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From: IN%"jcossor@uniwa.uwa.edu.au" "Jodi M Cossor" 12-JUL-1996
To: IN%"SILERWL@SLUVCA.SLU.EDU" "William L. Siler, Ph.D."
CC:
Subj: RE: Rat Swimming

Dear Sir,

I am not familiar with rat studies but I am looking at swimming in my
Masters thesis and have plenty of papers so I will look at them for you.
What I wanted to tell you was that my supervisor, Brian Blanksby was
telling me some stories of things that happened when he was studying rats
swimming so he may have some information that is useful to you but he is
away at the moment so I will pass on the message and hope that he can be of
some help.

Yours Sincerely,

Jodi Cossor

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From: IN%"j.w.tang@sheffield.ac.uk" 31-JUL-1996 10:55:31.29
To: IN%"SILERWL@SLUVCA.SLU.EDU" "William L. Siler, Ph.D."
CC:
Subj: RE: Rat Swimming

Dear Dr. Siler,

You need to look at experimental biology papers, this sort of thing has been
done for almost 50 years for fish and swimming animals. Try J. Gray papers
(a series of 6) in J. Experimental Biology (around 1910-1920). Generally,
it is easier to move the water past the animal rather than let the animal
swim through still water, unless you have a large tank. As you rightly
mention, wall and floor effects are a problem with small swimmers in confined
tanks. Paul Webb (1975) Bull. Can. Fish. Res. Bd. outlines all the
considerations required before carrying out search experiments. It is a
famous text - ask about it in the Zoology department, if there are any fish
biologists there.

Hydrodynamic texts include the very unique Fluid Dynamic Drag (1965) by
Hoerner, S. (published by himself) - really an engineering text dealing
with rigid bodies, but it has some equations and many diagrams which you
might find useful - try the engineering department.

I have also answered some of your questions below:


1) Should the containment system be made of plexiglass or glass? Whatever
material selected has to stand up to the stresses of the cage washer but
I also wonder whether one material will introduce a greater amount of
distortion than the other. Are there other considerations in making this
choice?

- Glass or perspex does not matter it seems. Perspex is lighter and tougher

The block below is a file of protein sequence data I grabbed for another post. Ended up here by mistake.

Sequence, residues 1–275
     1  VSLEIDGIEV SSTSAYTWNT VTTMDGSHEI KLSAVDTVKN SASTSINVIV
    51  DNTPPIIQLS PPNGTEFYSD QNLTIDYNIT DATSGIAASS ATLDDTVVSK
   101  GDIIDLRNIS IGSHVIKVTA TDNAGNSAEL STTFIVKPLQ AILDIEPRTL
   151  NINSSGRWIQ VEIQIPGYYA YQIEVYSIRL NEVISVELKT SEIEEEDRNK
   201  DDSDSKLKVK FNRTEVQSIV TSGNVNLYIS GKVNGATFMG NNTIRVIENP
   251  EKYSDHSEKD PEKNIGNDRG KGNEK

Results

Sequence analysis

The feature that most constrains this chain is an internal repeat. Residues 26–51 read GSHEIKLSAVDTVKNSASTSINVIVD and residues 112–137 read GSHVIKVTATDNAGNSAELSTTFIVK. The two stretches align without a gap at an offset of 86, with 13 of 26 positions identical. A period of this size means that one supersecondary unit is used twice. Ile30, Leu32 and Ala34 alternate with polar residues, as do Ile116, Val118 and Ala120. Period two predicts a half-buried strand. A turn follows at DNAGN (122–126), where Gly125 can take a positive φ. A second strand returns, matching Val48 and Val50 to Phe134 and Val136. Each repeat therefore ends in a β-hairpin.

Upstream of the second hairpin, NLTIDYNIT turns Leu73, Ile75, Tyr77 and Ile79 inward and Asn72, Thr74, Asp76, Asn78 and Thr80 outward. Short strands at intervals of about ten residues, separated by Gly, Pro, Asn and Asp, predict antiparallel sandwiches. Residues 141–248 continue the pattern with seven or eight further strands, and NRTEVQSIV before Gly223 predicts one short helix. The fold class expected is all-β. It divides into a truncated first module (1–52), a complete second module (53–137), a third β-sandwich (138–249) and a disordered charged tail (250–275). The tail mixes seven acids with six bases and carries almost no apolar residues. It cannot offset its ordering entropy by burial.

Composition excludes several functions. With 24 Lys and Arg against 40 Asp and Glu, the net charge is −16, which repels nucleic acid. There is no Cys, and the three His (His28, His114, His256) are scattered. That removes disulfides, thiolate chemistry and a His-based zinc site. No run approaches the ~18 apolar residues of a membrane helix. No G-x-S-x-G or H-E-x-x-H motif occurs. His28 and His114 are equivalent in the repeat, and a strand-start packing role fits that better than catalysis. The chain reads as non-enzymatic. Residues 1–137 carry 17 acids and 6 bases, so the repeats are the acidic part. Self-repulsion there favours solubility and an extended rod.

(i.e. more resistant to crack propagation), but is less hard, and more easily
scratched. We made a huge 10 m diameter doughnut respirometer filled with
water (8 tonnes!) sitting on the bottom of a huge concrete tank out of
perspex without any problems - J. exp. Biol. 1993, Lucas et. al. (December
issue I think), has a diagram of this and some methodology. This work formed
part of my PhD thesis (1993). The wall and floor effects are important if
you want to calculate the forces, but if you just want to see if it swims....


2) Can the methodologies used to analyze human swimming be applied directly
or does the more confined nature of a rat in a box relative to a human
in a pool alter the equation? More specifically, how can I best deal
with the distortions I expect due to the confinement system and water?

- Ok, you need a tank which is large enough such that the walls and floor
are sufficiently distant as to be regarded as 'at infinity', the
hydrodynamics texts say. Also, surface splashing effects are difficult to
calculate. They had to the forces and energy required to move through water
(which is why Olympic swimmers can only take a certain number of strokes
underwater before surfacing). Estimates have been between 5-10 times as
much energy to swim at the surface at a given speed than if completely
submerged underwater. Again the submergence should be such that the surface
can be regarded to be a infinite distance away from the animal. Ideally you
need to have the rat suspended in mid-water in a completely still water tank
with walls several feet away in all directions and this same distance
beneath the surface of the water for the hydrodynamic analysis to be
accurate.

Again many zoologists around the world send papers on animal terrestrial and
aquatic locomotion to the Journal of Experimental Biology - which is the
most prestigous journal in this field. Probably the best way is to look
back at all the issues (contents on the back of the back cover) and scan
the titles. People send in models for fish swimming (like I have used),
lizards running across water, cockroach locomotion, flying bats, flying